He recommends this mindset for all occasions, and not just the dire circumstances of his camp life. And this is why his book is a self-help book. He maintains that his methods for surviving Auschwitz can be transferred to any situation.
According to Frankl, the mindset needed for survival is that of meaning. When one has found a meaning for their life, one has the motivation to face the brutal challenges life may throw at them, and slog it out day after day, with happy determination, in order to fulfill their goal in life.
And speaking of happiness, Frankl contends that happiness is something that cannot be found by those seeking after it. He argues that happiness must ensue, rather than be pursued. And he claims it ensues naturally, when we pursue a cause greater than ourselves, rather than by directly pursuing happiness for ourselves.
The final 40% of the book covers the subject of Logotherapy. This is a form of psychotherapy developed by Dr. Frankl for the treatment of neuroses. Basically, Frankl believes that all neuroses can be traced to an inadequate response to our need for meaning. Logotherapy aims to direct patients toward finding meaning to their lives, and a meaning that is adequate to survive any crisis.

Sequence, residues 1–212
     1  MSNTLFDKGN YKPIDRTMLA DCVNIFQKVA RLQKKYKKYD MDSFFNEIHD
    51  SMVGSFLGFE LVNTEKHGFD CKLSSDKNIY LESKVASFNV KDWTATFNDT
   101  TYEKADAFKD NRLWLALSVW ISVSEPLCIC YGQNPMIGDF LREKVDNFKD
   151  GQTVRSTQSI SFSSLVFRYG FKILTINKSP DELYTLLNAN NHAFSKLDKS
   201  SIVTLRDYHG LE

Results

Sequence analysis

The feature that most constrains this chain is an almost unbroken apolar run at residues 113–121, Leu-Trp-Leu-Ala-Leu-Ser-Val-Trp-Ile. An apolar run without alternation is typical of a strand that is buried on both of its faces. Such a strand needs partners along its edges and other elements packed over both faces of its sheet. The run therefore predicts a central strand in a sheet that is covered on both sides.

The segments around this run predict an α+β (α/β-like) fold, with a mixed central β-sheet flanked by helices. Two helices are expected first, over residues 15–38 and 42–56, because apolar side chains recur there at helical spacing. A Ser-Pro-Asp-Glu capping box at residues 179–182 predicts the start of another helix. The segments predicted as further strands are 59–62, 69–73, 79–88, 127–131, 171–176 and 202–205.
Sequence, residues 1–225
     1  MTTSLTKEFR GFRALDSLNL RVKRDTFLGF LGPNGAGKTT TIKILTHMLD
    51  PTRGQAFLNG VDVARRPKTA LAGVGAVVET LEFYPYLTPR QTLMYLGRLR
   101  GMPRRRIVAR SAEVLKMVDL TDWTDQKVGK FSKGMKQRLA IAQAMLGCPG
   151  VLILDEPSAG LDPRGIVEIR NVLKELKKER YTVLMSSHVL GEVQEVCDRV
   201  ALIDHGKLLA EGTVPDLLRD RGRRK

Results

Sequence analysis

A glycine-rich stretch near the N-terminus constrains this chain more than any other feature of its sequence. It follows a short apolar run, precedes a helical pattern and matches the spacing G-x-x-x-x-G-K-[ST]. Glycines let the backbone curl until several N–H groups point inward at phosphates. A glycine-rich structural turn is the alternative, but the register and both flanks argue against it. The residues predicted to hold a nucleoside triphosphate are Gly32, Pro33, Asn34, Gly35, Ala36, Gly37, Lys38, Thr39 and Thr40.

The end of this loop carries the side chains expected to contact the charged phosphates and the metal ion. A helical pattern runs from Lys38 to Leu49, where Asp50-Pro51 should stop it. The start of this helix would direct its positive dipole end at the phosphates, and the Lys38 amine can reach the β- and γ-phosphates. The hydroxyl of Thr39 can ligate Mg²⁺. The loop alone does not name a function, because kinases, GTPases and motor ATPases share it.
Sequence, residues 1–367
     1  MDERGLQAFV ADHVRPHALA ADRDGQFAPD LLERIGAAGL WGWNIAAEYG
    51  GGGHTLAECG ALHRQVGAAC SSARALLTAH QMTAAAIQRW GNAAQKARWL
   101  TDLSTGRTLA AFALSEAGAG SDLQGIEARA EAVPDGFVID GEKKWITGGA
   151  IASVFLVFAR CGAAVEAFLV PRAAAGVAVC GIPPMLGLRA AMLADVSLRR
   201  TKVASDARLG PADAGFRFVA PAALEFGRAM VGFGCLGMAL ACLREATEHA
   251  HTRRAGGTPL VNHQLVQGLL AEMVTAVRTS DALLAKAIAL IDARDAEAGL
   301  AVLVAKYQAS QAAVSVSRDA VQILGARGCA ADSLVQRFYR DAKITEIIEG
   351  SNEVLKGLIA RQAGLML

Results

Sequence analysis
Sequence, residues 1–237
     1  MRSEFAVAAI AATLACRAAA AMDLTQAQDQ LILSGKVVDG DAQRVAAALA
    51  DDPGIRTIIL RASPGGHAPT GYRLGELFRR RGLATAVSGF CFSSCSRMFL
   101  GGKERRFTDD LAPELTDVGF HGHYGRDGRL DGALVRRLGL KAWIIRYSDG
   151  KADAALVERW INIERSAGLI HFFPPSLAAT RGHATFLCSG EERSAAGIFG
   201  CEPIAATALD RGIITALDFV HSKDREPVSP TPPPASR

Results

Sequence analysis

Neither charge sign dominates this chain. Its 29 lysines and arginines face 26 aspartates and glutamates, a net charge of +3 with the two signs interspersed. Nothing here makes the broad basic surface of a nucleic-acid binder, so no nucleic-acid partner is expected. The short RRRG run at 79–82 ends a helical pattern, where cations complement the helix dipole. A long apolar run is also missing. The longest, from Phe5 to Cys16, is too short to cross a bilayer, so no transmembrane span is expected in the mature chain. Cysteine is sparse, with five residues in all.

Not knowing one’s meaning for life is not the cause of neurosis, according to Frankl. In fact, he asserts that it is very natural to search for meaning, while not yet knowing what the meaning is. It’s when we formulate our meaning around things that can be easily lost, or when we abandon the search for meaning altogether, that neurosis and self-destructive behavior begins.
Frankl observed that most prisoners in his concentration camp languished over the loss of their status, families, careers, and possessions. All of these things had given their lives meaning, and the loss of these things left them devastated and dispirited. Those who were unable to find new meaning, especially meaning to the loss and suffering they were currently experiencing, were those most likely to give up on life, and quickly succumb.